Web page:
And so far, i've provided explanations as to why definitions are useless in trying to understand the structure of religion. because the definitions are arbitrary and are not based on any scientific research.

regarding the questions about hinduism, i would just request to watch that talk i provided a link to whenever you have the time. it's about 40 min long. not very long. and then we can discuss

I'm not here to defend 'religion', 'hinduism' or the 'caste system'. Such defenses doesn't help us make intellectual progress.

one last thing regarding beliefs. there is an implicit assumption that all human practices embody their beliefs. but this is an unproven assumption.

Reply
#32
(23-Jun-2012, 11:26 PM)arvind13 Wrote: Yes, you're right about the jumping off the building analogy. but the discussions on this forum (as far as I can observe), aren't about stupid beliefs or irrational beliefs in general. It specifically focuses on religion and religious beliefs.

Yes, we do focus a lot on religion. Do you think we shouldn't focus on religion? Are you implying that just because those beliefs are called religious beliefs (a "Western" label), they don't cause much harm, are relatively benign when compared to other beliefs and hence shouldn't be criticized?

Reply
#33
I'm merely saying that one should understand what religion is, when critically examining it.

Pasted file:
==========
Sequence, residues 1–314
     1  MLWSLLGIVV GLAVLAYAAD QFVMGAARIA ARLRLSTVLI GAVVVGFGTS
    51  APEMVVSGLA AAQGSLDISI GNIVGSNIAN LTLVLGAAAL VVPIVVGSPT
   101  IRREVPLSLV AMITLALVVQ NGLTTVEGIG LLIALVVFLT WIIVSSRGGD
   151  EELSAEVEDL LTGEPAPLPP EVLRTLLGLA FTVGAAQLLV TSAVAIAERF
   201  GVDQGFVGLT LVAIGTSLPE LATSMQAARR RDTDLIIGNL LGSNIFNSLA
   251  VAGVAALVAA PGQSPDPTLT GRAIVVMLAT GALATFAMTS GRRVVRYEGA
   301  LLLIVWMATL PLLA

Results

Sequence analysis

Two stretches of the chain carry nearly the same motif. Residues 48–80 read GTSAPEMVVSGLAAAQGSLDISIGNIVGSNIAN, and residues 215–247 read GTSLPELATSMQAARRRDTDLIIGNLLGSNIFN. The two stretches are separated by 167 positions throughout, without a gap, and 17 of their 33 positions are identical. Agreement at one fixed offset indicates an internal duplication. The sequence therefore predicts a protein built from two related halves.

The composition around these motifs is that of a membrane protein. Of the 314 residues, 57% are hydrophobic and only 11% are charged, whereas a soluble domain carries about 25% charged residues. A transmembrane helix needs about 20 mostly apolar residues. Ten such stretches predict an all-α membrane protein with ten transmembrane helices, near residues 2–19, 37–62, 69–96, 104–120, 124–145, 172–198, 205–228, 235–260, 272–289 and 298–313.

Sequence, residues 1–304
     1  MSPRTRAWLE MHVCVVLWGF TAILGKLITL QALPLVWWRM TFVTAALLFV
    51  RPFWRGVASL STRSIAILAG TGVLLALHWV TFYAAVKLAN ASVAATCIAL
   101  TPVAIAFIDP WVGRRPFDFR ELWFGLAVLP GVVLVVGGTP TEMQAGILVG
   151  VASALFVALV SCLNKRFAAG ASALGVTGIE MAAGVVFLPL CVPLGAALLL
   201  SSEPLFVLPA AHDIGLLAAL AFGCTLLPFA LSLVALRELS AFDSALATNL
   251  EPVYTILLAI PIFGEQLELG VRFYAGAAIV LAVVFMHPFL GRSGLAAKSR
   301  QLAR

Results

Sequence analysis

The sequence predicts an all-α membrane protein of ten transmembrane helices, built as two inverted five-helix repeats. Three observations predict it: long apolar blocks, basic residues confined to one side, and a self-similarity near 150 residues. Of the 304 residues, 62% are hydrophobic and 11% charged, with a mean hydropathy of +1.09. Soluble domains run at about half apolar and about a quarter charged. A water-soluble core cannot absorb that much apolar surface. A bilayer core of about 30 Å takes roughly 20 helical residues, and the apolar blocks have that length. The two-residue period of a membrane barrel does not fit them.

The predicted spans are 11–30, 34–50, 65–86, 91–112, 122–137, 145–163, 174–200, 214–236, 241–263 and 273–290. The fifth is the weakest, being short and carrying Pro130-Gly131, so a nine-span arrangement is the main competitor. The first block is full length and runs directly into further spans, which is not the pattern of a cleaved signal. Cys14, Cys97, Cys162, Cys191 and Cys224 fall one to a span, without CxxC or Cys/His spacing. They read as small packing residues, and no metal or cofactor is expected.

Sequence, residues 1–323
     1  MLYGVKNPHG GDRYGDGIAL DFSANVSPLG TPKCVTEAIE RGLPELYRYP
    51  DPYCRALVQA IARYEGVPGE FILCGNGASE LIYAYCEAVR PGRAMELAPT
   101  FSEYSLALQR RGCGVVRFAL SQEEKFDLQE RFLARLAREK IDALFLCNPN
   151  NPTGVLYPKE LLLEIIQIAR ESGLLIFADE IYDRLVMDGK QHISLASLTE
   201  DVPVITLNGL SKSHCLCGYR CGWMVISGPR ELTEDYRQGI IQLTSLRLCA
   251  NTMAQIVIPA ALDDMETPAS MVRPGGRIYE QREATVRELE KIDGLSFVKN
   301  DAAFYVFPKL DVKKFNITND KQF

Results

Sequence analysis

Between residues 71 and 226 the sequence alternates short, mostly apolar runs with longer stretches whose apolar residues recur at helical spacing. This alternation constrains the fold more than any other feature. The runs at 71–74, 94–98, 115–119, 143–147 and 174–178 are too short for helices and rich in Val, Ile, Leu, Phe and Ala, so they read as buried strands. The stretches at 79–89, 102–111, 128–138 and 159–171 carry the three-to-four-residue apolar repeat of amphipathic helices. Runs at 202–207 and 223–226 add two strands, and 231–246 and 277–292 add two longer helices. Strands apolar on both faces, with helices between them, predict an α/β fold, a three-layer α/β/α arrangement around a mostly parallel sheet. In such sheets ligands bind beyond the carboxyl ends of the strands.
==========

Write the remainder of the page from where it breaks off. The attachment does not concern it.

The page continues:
Western culture was shaped in large part by religion (Christianity), when they started traveling around the world and arrived in India/China/Japan, the first thing the early travelers and missionaries did was they set out to find the religion of the natives. It didn't even occur to these guys that maybe these cultures don't have religion.

They assumed that every culture MUST have religion, because the bible says God imbued each human being with a sense of divinity i.e every culture has a religion. The bible also says that in most of these places, the true religion has been corrupted by the devil and his minions and has become false religion/s.

The early European travelers accepted these biblical claims as facts, and assumed that there MUST be religion in India. So when one makes that assumption, automatically one will start seeing and labeling certain practices as "religious", even if it has nothing to do with religion.

At the time the first European travelers arrived in Asia, the protestant reformation was going on in Europe. One of the important ramifications of the protestant movement was that the protestants postulated a very strong connection between practices and beliefs. To the protestants (especially Calvinists), actions and practices embody one's beliefs, or ought to embody one's beliefs.

So when the protestants came to China and India, they started seeing certain practices and rituals as expressing certain beliefs. for e.g they observed a person doing puja to Ganesha, and they immediately thought this puja embodied the beliefs of the performer, as in he is doing it because "he believes in Ganesha", "he believes Ganesha exists and will help him" etc etc.

We still use this protestant framework when looking at these practices. We think of all these practices as expressions of belief-states. to be sure, there are Indians who 'believe' that rama or krishna existed.


But that doesn't change the fact that the pagan traditions of India have little to do with belief. Unlike the semitic religions, beliefs aren't the foundation of these practices, and what beliefs one holds is irrelevant to continuing a tradition, furthermore, there is no obligation to follow a tradition.
Reply
#34
(11-Jul-2012, 08:04 AM)arvind13 Wrote: I'm merely saying that one should understand what religion is, when critically examining it.